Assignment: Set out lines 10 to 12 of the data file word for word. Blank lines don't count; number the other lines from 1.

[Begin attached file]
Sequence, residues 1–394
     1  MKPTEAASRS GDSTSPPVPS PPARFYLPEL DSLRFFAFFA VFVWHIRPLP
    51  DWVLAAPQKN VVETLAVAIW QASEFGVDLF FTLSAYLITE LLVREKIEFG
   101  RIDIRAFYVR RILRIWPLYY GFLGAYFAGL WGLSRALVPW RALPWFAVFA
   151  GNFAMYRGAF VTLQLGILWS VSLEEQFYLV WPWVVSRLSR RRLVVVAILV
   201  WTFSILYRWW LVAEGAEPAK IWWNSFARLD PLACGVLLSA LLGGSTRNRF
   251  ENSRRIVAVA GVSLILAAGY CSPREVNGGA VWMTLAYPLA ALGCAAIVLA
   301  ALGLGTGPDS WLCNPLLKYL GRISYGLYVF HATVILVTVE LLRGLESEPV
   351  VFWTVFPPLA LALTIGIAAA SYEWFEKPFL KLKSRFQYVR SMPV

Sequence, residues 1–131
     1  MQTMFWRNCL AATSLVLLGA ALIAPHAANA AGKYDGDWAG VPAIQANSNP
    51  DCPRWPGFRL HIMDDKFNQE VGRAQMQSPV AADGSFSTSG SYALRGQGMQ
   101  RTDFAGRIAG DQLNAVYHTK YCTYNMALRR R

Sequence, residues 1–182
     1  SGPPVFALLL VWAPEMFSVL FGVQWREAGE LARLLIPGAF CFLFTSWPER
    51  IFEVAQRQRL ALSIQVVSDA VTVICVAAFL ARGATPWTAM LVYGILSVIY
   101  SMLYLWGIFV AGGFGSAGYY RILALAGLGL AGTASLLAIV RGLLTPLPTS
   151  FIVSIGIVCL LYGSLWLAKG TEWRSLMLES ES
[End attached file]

Sequence, residues 1–131
     1  MQTMFWRNCL AATSLVLLGA ALIAPHAANA AGKYDGDWAG VPAIQANSNP
    51  DCPRWPGFRL HIMDDKFNQE VGRAQMQSPV AADGSFSTSG SYALRGQGMQ